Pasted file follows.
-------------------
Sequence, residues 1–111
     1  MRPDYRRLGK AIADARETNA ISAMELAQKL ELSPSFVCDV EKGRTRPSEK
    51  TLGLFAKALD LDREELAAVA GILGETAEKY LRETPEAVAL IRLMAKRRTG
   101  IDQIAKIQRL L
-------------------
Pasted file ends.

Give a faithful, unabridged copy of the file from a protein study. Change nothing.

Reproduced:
Sequence, residues 1–111
     1  MRPDYRRLGK AIADARETNA ISAMELAQKL ELSPSFVCDV EKGRTRPSEK
    51  TLGLFAKALD LDREELAAVA GILGETAEKY LRETPEAVAL IRLMAKRRTG
   101  IDQIAKIQRL L